Alvarez: OSU woes bad for Big Ten
“Those are our two highest profile teams,” Alvarez said Wednesday. “It’s absolutely not good for our league.”
While Alvarez said he didn’t know if Jim Tressel specifically cheated, it was clear that the former Ohio State coach was not straightforward with the NCAA.
Tressel’s 10-year reign as coach of the Buckeyes ended in disgrace Monday. He was forced to step down for breaking NCAA rules after withholding information from Ohio State officials and the NCAA about his players receiving improper benefits, including swapping memorabilia for tattoos.
Alvarez said he’s working with his compliance staff to make sure the rules are clear, and head coach Bret Bielema said he sent people he leans on in the athletic department to check in at two Madison tattoo parlors to make sure something similar wasn’t happening there.
“I think that it just makes everyone more alert that if it can happen to those high profile schools—Michigan had never been on probation; if it can happen to them, it certainly can happen to us,” Alvarez said. “I want to make sure that it doesn’t.”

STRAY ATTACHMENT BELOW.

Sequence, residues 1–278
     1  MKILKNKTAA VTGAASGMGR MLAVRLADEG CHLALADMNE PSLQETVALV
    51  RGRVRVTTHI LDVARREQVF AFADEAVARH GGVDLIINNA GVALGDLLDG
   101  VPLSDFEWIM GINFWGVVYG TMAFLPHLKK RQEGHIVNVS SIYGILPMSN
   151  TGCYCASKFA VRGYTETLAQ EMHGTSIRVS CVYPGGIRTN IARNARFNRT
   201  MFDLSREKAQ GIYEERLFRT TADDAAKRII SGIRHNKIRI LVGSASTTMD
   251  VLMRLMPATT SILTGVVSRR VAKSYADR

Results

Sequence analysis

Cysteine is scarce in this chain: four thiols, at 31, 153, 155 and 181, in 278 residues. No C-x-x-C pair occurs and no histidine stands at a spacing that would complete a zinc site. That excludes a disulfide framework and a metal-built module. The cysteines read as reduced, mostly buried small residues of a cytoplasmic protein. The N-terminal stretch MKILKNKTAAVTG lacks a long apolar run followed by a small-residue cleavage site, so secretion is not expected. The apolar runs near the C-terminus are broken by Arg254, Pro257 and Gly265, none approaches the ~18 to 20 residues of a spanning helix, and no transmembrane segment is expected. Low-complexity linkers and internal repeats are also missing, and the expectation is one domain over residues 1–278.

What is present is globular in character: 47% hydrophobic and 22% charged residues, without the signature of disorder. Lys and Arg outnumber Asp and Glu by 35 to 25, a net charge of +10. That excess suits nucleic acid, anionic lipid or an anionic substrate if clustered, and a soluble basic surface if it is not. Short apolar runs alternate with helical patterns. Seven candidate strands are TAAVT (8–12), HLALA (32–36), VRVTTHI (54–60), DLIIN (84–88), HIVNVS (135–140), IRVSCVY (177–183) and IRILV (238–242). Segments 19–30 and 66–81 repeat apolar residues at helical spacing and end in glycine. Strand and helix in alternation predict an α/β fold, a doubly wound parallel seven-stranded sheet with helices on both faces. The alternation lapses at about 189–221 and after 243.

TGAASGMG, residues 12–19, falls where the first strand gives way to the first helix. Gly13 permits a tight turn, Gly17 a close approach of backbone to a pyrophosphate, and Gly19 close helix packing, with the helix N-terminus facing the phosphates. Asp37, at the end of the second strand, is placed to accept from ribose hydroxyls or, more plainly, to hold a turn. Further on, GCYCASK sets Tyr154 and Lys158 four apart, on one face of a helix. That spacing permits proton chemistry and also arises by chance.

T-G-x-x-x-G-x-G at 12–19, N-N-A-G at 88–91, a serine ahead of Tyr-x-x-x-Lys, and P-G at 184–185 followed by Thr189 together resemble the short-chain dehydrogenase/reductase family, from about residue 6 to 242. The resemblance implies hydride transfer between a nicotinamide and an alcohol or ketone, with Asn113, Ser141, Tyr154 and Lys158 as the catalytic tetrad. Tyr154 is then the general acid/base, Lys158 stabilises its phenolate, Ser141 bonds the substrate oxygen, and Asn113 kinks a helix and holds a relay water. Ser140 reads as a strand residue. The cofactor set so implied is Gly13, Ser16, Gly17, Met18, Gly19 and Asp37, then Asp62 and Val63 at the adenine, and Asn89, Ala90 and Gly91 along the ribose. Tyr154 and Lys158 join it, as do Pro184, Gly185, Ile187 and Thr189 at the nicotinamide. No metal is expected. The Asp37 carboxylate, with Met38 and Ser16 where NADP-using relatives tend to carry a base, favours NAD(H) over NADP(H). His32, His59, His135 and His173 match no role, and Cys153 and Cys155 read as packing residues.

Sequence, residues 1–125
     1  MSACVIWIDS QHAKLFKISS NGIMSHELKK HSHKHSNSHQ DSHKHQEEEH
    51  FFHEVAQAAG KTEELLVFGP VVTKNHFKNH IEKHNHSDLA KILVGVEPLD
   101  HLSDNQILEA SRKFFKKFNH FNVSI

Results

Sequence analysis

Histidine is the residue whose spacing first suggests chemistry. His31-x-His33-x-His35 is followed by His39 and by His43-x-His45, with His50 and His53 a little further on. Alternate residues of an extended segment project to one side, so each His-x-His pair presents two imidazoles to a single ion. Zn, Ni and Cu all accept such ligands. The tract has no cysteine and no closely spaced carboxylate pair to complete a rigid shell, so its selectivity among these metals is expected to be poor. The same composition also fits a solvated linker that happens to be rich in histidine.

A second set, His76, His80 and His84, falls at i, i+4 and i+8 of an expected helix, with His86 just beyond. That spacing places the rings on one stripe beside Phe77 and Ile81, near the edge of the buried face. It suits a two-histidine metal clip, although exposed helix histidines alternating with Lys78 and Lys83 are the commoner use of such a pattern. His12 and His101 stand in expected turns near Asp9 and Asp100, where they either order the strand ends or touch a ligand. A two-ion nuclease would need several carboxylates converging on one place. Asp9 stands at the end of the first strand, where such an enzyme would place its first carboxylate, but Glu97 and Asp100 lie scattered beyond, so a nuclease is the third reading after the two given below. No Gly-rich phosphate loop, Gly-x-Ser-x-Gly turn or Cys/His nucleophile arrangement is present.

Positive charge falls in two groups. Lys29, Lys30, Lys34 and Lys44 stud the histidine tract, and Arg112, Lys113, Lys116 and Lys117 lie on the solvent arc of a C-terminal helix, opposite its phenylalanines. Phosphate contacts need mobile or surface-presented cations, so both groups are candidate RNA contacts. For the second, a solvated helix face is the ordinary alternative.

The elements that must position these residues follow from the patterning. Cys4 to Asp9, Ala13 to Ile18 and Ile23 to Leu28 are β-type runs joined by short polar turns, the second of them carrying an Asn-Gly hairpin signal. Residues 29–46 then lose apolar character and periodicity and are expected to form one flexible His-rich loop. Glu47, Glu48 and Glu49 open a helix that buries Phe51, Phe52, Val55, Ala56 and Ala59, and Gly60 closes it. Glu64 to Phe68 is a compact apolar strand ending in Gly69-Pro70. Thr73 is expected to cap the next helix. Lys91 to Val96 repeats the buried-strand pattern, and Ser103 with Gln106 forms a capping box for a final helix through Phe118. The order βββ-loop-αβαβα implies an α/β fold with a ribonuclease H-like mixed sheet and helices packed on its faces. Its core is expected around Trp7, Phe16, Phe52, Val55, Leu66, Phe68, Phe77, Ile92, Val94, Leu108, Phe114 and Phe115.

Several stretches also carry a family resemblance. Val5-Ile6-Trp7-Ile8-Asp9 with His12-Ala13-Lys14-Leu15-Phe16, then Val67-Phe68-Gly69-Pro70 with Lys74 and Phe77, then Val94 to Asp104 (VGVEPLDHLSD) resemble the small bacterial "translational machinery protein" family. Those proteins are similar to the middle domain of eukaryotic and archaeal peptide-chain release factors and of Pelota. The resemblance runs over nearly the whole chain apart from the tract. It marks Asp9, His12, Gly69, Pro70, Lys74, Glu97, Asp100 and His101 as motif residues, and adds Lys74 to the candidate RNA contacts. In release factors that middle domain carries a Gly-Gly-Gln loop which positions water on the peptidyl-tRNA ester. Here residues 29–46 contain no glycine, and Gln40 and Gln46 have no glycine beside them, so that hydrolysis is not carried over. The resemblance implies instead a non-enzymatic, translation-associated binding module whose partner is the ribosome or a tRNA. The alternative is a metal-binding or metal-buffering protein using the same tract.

Wisconsin’s recruiting—often maligned for a lack of star power—has helped the school avoid unwanted spotlight because it rarely goes after the top recruits in the nation, Bielema said.
“I think that’s the choice you make as a coach about what kind of people you recruit,” Bielema said. “You almost have got to kind of analyze it, realize, you’re going to get the problems that you want to recruit. That’s what you’ve got to deal with.”
And while Bielema is sure his players are watching the coverage, he’s told them to stay quiet.
“First thing I sent out was I don’t want to see any tweets,” the coach said. “It’s just amazing to me how people want to comment about something they’re not involved in. That’s a rule that we have with them. If you’re not involved in it, don’t comment on it.”